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New England Streamers
By Will Taylor & Robb Nicewonger
Robb Nicewonger & Will Taylor
A recent article in Fly Tyer magazine* about deceivers sparked
quite a debate on the streamer list about the use of this popular and
effective saltwater fly in fresh water. The debate found the authors
"defending" the fresh water deceiver and prompted us to write a small
feature on some of our own deceiver patterns.
The deceiver was first tied by Lefty Kreh in the 50's for striped bass in the Chesapeke Bay. The fly was extremely successful and soon spread to all saltwater environments and even into the freshwater world. The original fly has been changed and modified numerous times; however, there are two telltale signs that you're looking at a deceiver. First is the wing placement--the saddle hackle wing is positioned near the bend of the hook. Second is the hair collar which surrounds the wing and prevents it from fouling. As with most saltwater patterns, flash is usually added somewhere in the pattern. Whether you scale down saltwater versions of this fly, adapt other traditional streamer patterns, or create new patterns, you should experiment with this fly in fresh water--its a good one.
*(Fly Tyer, vol. 5, no. 1, Spring '99)
One can legitimately question the need for any "new" fly for landlocked salmon or trout fishing. In the smelt-filled rivers & lakes of Maine, a handful of traditional New England streamer patterns provide perfectly credible forage fish immitations in the waters and water conditions encountered. Pattens in blue dunn, blue, pink, yellow, white or purple, with some peacock herl & golden pheasant crest for flash, will keep one in business all season; I would feel very well-equipped with a casting-streamer selection of Gray Ghosts, Ripogenus Smelts, Pink Ladys, Barnes Specials, Black Ghosts and Magog Smelts. So why introduce Deceivers to the streamer wallet?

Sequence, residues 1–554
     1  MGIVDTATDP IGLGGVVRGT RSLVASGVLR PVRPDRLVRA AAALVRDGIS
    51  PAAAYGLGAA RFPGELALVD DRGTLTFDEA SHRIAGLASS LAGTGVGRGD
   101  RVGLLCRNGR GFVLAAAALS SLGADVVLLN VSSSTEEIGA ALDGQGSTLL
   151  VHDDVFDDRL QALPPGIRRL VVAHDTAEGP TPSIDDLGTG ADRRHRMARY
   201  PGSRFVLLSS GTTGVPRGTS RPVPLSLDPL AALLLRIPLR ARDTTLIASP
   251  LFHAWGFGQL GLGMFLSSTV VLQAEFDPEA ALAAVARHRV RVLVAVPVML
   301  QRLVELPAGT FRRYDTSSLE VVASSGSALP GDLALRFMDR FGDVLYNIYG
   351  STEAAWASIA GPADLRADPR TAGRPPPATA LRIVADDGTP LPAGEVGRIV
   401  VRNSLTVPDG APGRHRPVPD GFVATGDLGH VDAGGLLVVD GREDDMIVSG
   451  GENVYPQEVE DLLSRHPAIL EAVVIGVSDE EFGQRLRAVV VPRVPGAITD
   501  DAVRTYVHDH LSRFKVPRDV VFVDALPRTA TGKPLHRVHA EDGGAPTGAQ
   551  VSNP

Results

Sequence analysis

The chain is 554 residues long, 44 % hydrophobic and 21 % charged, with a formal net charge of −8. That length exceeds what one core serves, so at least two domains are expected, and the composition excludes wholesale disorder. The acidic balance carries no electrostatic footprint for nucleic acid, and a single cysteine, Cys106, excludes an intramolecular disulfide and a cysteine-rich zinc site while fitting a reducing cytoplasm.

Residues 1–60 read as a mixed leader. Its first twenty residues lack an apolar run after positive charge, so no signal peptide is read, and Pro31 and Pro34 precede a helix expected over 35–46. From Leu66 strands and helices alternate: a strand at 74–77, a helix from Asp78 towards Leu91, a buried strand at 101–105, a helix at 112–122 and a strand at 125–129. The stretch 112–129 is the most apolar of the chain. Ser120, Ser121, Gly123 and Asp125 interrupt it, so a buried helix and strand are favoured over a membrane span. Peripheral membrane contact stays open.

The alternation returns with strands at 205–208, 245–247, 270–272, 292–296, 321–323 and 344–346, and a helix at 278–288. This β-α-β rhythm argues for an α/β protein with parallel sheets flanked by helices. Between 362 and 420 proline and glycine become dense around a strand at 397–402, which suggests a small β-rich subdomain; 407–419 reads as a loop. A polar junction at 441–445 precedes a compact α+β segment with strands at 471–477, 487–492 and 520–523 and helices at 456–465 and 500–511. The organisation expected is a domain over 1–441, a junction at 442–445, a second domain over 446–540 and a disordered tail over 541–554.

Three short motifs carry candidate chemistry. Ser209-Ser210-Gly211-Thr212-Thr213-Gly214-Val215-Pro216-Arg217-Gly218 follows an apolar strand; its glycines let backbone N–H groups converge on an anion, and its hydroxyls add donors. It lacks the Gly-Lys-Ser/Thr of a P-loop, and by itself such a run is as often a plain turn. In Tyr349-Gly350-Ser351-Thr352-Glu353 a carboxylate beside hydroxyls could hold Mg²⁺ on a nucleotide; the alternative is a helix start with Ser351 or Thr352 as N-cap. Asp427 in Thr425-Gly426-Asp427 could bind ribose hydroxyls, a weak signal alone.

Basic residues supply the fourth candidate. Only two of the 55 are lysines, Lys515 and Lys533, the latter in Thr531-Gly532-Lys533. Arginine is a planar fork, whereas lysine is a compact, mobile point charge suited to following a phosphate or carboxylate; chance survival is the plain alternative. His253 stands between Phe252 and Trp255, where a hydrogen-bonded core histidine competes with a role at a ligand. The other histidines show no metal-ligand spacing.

Rainbow smelts are very long, slender fish, very active swimmers, with incredible multichromatic flash. If one were to start ground-up to design an immitation, you could hardly do better than to begin with Lefty's Deceiver for a body-plan. This is a pattern that has proven itself many times over as an imitation or general slender-minnow attractor for a wide varity of saltwater gamefish. With deserved respect for the color combinations that have proven themselves over time on landlocked salmon, I've designed the following Deceivers, each named for the classical streamer pattern that inspired it.
Deceivers have several unique features to recommend them to fishing and to the tying bench:
Deceivers will never displace the classical New England streamers in my streamer wallet; I enjoy tying and fishing those traditional patterns far too much for that to be a temptation. But they are earning a place alongside their long-hooked siblings.
Will's "Traditional New England" Deceivers
For the creative tyer (or one who can't follow a pattern) the nicest thing about the deceiver is the flexibility of the pattern. One can take advantage of this and tie not only imitation of smelts, but also other forage fish, leeches, small snakes, and attractor patterns as well. Materials for the tail can be the traditional saddle hackle, marabou, hen body feathers, rabbit strips, rubber legs, etc. The collar can consist of any type of natural or synthetic hair. While the heads can be nice and small or built up very large with prismatic stick-on eyes. Virtually any hook type can be used--regular shank length hooks for small, fat flies or long shank for thin, slender ones. I've included a few patterns that I developed primarily when I was living in the Finger Lakes region of New York. Although I've only been in New England for about a year, I'm sure these will translate well. Some of you more traditional streamer flingers will probably cringe at some of these patterns, but give 'em a chance. Tie a few up and I'm sure you'll be pleasantly surprised at the results.
Robb's "Untraditional Deceiver" Patterns
To The "Untraditional" Deceivers Index
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